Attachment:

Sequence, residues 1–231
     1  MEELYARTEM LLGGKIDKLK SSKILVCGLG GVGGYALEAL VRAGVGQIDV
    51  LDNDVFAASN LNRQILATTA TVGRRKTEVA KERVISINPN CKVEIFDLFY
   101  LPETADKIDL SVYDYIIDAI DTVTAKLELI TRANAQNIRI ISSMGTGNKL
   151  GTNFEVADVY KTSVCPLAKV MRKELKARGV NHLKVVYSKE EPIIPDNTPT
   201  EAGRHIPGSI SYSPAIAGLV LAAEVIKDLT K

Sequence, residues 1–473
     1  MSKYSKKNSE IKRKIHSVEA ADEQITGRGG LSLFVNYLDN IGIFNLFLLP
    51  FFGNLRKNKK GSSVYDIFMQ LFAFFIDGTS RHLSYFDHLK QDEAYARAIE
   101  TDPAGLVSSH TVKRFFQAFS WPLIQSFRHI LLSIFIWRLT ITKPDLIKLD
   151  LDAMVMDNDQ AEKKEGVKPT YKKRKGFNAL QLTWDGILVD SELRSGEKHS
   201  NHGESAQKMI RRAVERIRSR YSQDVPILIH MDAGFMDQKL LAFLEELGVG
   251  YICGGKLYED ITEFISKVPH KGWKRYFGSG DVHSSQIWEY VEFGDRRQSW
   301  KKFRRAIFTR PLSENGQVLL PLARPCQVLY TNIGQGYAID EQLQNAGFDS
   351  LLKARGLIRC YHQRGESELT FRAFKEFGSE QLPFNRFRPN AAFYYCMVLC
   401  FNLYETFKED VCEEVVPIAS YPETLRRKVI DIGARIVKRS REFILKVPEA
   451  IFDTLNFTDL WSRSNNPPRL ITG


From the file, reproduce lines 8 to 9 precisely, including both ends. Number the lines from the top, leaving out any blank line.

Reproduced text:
     1  MSKYSKKNSE IKRKIHSVEA ADEQITGRGG LSLFVNYLDN IGIFNLFLLP
    51  FFGNLRKNKK GSSVYDIFMQ LFAFFIDGTS RHLSYFDHLK QDEAYARAIE